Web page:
Training With the Zone 3 Syndrome

Remember that the body is incredibly good at adapting itself to whatever stress is imposed on it. So when you spend most of your time in Zone 3, the only real adaptation that occurs is the body becomes incredibly adept at riding in Zone 3.

You can go out the door, hit a nice, fast tempo and hold it all the way around your favorite loop and back to your house with an average speed over 20 miles per hour. Because of this zone 3 fitness, moderate zone 2 riding (which is where 90 percent of any cyclists' training should ideally be), feels ridiculously easy.

Breaking Out of the Rut

The good news is that if you've reached this level with your riding, chances are you've built up a pretty good base of fitness. To take your riding to the next level, it may just be a question of backing off a bit, letting your body reset and starting again on a slightly more disciplined training plan.

Before you change your workout habits, for one week take your resting heart rate every morning before you get out of bed. Then for two weeks after that, restrict yourself to zone 1 riding. (If you don't know your zones, this means easy.) Little girls on roller skates should be passing you on the path.

Some of you are thinking right now, "This doesn't include the hard group ride I do every Saturday morning though, right?" Are you starting to see how you managed to get into this situation?

After a week, you should start to see your resting heart rate come down. Wait until it hits rock bottom and then rest another three to five days. Now, you're body is reset. It's time to get going.

The first thing you'll notice when you're well rested is your heart rate will increase quickly and go up higher. This does not mean you've lost fitness, it just means you're fresh. In fact, during your week or two of recovery riding, the damage you've previously done to your body will heal and you might notice a significant improvement in fitness.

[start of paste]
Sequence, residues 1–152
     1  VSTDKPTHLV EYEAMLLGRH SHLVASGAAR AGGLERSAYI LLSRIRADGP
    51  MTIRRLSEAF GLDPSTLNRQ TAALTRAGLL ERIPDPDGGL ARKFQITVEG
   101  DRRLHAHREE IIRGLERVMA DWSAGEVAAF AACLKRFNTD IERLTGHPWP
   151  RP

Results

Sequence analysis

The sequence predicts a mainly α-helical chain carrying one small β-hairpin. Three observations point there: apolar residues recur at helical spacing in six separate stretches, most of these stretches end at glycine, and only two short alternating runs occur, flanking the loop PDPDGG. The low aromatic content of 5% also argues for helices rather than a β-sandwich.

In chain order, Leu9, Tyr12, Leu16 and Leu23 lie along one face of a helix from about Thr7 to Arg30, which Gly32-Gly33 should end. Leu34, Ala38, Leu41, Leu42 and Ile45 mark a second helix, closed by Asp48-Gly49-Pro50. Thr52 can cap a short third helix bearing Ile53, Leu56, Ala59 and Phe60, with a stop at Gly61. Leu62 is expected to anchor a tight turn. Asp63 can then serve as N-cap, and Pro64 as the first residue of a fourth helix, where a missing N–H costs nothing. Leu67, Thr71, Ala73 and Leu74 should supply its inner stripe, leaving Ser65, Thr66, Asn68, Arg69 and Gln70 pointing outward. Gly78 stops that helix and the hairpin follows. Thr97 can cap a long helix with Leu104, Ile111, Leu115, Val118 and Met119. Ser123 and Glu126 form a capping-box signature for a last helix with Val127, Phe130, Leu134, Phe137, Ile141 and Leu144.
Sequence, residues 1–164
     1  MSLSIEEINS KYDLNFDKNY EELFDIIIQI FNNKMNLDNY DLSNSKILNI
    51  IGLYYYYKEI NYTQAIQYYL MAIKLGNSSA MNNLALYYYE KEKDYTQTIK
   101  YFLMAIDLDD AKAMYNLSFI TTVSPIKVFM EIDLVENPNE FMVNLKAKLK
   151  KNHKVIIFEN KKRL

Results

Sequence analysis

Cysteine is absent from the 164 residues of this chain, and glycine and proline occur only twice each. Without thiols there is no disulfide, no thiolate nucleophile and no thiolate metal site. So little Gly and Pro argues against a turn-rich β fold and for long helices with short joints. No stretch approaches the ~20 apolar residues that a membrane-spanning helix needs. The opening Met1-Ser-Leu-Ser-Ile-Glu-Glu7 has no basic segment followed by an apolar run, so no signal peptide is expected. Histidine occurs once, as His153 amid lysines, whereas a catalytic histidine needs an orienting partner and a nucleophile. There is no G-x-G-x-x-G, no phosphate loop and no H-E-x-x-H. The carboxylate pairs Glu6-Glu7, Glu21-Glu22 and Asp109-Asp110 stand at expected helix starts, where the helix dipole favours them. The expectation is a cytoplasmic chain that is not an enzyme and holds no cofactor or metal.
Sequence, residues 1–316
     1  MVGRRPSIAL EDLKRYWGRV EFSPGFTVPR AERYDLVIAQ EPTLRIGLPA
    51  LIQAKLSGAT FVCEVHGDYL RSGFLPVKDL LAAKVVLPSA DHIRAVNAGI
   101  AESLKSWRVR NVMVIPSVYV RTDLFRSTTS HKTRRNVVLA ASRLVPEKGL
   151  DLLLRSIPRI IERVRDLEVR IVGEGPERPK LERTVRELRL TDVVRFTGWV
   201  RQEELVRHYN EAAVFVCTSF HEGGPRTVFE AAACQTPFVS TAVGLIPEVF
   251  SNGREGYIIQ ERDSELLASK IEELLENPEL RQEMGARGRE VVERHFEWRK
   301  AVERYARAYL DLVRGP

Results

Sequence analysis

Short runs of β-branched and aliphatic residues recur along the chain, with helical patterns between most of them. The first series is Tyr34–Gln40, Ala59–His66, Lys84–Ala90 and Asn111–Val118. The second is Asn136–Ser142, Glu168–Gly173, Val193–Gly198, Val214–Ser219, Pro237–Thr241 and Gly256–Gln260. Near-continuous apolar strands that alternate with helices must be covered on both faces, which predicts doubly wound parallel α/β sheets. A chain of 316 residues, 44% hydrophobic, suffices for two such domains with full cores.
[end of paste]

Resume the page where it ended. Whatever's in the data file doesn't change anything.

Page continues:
Yes, that's right. An improvement in your cycling strength from doing nothing. In other words, you've done all the hard work and you've torn your body down over and over. Now all you have to do is let it build itself back up, stronger and faster than before.

So now you're ready to go out to see if you can beat your average speed on your daily 18 mile loop. Wrong! You've turned over a new leaf and you're now what they call in the industry a smart trainer. Build intensity into your program but focus on quality rather than quantity.

Instead of doing your 60 minute ride at 90 percent of your threshold heart rate, break the ride up into intervals. If you want to work on your threshold power, do three 10-minute intervals right at your threshold (your legs and lungs begin to burn and you find it hard to talk). Rest for five or 10 minutes in between and then go again.

After a month you might notice your threshold power or speed start to plateau. Take an easy week, let your resting heart rate drop back down (presumably it has started to rise over the last three weeks of training) and then start to work on your anaerobic power and endurance.

Do some shorter three-minute intervals at maximum effort. Give yourself plenty of rest in between so that each interval is better than the one before. Experiment to see how much intensity you can handle in a week. Start with two days and build to three. Rarely will you want to do more than three days of intensity in a week.

Finally, the most important thing to remember is when you start to get tired and the quality of your intervals starts to diminish, do not try to push through. Rest up until the quality returns to your workouts. As much as you hate to miss workouts, nothing will hurt your cycling ability more than chronic, mediocre, low-quality training.

Josh Horowitz is a USCF certified coach and an active Category 1 racer. For more information about his coaching services and any coaching questions you may have, check out his website,

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Related Articles:

      • How Much Base Mileage Do You Need Before Interval Training?

      • Early-Season Racing: Take It Easy

      • The Relationship Between Fatigue and Riding Style

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